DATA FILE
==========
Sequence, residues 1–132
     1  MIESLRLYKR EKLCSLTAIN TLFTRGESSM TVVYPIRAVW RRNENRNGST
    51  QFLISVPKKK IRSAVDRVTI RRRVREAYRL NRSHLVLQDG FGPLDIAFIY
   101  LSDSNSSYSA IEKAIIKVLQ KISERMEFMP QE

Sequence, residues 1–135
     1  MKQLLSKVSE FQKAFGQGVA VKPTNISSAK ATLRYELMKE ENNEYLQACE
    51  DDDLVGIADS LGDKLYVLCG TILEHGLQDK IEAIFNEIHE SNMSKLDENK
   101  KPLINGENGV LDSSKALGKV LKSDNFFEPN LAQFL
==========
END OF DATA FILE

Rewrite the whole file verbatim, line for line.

Sequence, residues 1–132
     1  MIESLRLYKR EKLCSLTAIN TLFTRGESSM TVVYPIRAVW RRNENRNGST
    51  QFLISVPKKK IRSAVDRVTI RRRVREAYRL NRSHLVLQDG FGPLDIAFIY
   101  LSDSNSSYSA IEKAIIKVLQ KISERMEFMP QE

Sequence, residues 1–135
     1  MKQLLSKVSE FQKAFGQGVA VKPTNISSAK ATLRYELMKE ENNEYLQACE
    51  DDDLVGIADS LGDKLYVLCG TILEHGLQDK IEAIFNEIHE SNMSKLDENK
   101  KPLINGENGV LDSSKALGKV LKSDNFFEPN LAQFL